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Atwood v. Graham Lumber Company, LLC

United States District Court, W.D. Tennessee, Eastern Division

February 2, 2015

BRIAN ATWOOD, Plaintiff,
v.
GRAHAM LUMBER COMPANY, LLC, Defendant.

ORDER AFFIRMING MAGISTRATE JUDGE'S RULING IN PART AND REFERRING FOR FURTHER CONSIDERATION

J. DANIEL BREEN, Chief District Judge.

On December 29, 2014, Magistrate Judge Edward G. Bryant, pursuant to an order of reference, denied the motion of Plaintiff, Brian Atwood, to compel discovery responses from Defendant, Graham Lumber Company, LLC ("Graham"). (Docket Entry ("D.E.") 34.) In accordance with Local Rule 72.1(g) and Rule 72(a) of the Federal Rules of Civil Procedure, Plaintiff filed written objections to the magistrate judge's order. Those objections, and Defendant's response thereto, are now before the Court.

I. Standard of Review

Twenty-eight U.S.C. § 636(b)(1)(A) permits a district judge to, subject to certain exceptions not relevant here, "designate a magistrate judge to hear and determine any pretrial matter pending before the court." Furthermore, "[a] magistrate judge may be assigned such additional duties as are not inconsistent with the Constitution and laws of the United States." 28 U.S.C. § 636(b)(3). Upon a timely objection to a magistrate judge's order, the district judge is instructed to "modify or set aside any part of the order that is clearly erroneous or is contrary to law." Fed.R.Civ.P. 72(a); see also 28 U.S.C. § 636(b)(1)(A). "The clearly erroneous standard applies only to factual findings made by the Magistrate Judge, while [his] legal conclusions will be reviewed under the more lenient contrary to law standard." E.E.O.C. v. Burlington N. & Santa Fe Ry. Co., 621 F.Supp.2d 603, 605 (W.D. Tenn. 2009) (alteration in original) (quoting Gandee v. Glaser, 785 F.Supp. 684, 686 (S.D. Ohio 1992), aff'd, 19 F.3d 1432 (6th Cir. 1994)) (internal quotation marks omitted). A factual finding is "clearly erroneous' only when the reviewing court is left with the definite and firm conviction that a mistake has been made." King v. Banks, No. 2:10-cv-852, 2010 WL 4384248, at *1 (S.D. Ohio Oct. 28, 2010). A legal conclusion is contrary to law when it "contradict[s] or ignore[s] applicable precepts of law, as found in the Constitution, statutes, or case precedent." Steede v. Gen. Motors, L.L.C., No. 11-2351-STA-dkv, 2012 WL 2089755, at *2 (W.D. Tenn. June 8, 2012) (quoting Doe v. Aramark Educ. Res., Inc., 206 F.R.D. 459, 461 (M.D. Tenn. 2002)); see also 32 Am. Jur. 2d Federal Courts § 143 (2008) ("A magistrate judge's order is contrary to law when it fails to apply or misapplies relevant statutes, case law, or rules of procedure."); 12 Charles Alan Wright et al., Federal Practice and Procedure: Civil 2d § 3069 (2d ed. 1997) ("In sum, it is extremely difficult to justify alteration of the magistrate judge's nondispositive actions by the district judge.").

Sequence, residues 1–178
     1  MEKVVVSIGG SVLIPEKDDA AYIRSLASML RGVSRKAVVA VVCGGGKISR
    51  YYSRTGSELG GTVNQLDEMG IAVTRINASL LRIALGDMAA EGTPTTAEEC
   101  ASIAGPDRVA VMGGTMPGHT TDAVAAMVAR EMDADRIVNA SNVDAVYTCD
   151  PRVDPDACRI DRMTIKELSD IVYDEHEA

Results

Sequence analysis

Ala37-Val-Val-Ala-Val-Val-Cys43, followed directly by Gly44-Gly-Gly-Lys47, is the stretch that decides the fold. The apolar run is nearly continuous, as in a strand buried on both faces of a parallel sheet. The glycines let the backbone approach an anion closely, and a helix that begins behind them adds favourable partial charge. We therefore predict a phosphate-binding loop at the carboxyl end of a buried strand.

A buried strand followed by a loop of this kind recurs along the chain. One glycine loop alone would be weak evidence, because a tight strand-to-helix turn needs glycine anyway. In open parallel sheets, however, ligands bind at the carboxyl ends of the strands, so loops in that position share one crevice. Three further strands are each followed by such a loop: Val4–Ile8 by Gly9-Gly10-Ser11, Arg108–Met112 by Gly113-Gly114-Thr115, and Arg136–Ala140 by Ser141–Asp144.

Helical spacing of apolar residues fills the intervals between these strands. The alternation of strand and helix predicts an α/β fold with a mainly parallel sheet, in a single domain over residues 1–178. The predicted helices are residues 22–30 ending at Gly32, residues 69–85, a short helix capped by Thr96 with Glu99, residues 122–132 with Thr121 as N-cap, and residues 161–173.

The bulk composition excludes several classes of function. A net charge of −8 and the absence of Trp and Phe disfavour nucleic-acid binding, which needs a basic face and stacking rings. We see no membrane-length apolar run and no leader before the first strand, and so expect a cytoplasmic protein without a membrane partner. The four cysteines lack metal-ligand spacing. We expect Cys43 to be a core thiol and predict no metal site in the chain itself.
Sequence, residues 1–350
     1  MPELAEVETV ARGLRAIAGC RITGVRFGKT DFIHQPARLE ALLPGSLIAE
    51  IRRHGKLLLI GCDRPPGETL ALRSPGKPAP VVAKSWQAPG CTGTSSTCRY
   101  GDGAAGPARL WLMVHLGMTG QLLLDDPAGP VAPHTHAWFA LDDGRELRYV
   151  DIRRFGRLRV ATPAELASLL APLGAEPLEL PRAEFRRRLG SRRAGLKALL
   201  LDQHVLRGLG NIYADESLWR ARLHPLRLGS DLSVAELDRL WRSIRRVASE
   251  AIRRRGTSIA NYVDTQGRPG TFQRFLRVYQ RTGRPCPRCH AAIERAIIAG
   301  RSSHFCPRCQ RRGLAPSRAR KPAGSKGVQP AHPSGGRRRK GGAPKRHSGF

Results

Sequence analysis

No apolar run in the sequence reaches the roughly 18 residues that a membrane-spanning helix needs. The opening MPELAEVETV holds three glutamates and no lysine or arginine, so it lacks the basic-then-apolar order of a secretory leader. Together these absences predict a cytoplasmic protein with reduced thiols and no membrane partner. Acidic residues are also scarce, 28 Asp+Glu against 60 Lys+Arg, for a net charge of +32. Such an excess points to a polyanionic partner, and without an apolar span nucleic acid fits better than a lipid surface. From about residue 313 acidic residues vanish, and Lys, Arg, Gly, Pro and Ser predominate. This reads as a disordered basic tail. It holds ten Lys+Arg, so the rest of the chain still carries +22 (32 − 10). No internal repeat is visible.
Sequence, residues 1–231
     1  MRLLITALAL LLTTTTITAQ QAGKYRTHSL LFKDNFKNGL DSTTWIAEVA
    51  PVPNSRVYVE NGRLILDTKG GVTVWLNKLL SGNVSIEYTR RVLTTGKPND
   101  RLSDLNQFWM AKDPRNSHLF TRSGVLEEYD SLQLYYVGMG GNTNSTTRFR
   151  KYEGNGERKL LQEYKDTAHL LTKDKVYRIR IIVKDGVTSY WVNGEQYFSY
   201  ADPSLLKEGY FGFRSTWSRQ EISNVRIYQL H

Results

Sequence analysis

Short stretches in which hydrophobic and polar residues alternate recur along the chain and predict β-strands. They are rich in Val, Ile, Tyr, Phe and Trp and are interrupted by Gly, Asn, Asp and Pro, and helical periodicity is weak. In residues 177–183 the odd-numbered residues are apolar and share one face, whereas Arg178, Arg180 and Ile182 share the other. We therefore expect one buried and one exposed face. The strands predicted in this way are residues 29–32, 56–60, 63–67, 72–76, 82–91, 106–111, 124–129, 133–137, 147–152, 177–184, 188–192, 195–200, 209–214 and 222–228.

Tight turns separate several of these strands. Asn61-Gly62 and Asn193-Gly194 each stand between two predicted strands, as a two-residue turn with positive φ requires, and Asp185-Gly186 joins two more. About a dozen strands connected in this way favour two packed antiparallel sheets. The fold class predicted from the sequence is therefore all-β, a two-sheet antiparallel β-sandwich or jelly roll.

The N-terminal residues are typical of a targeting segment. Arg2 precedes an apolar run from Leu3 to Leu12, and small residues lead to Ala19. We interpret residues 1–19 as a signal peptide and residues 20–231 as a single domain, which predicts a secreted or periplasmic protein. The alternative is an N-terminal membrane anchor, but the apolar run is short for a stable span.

II. Background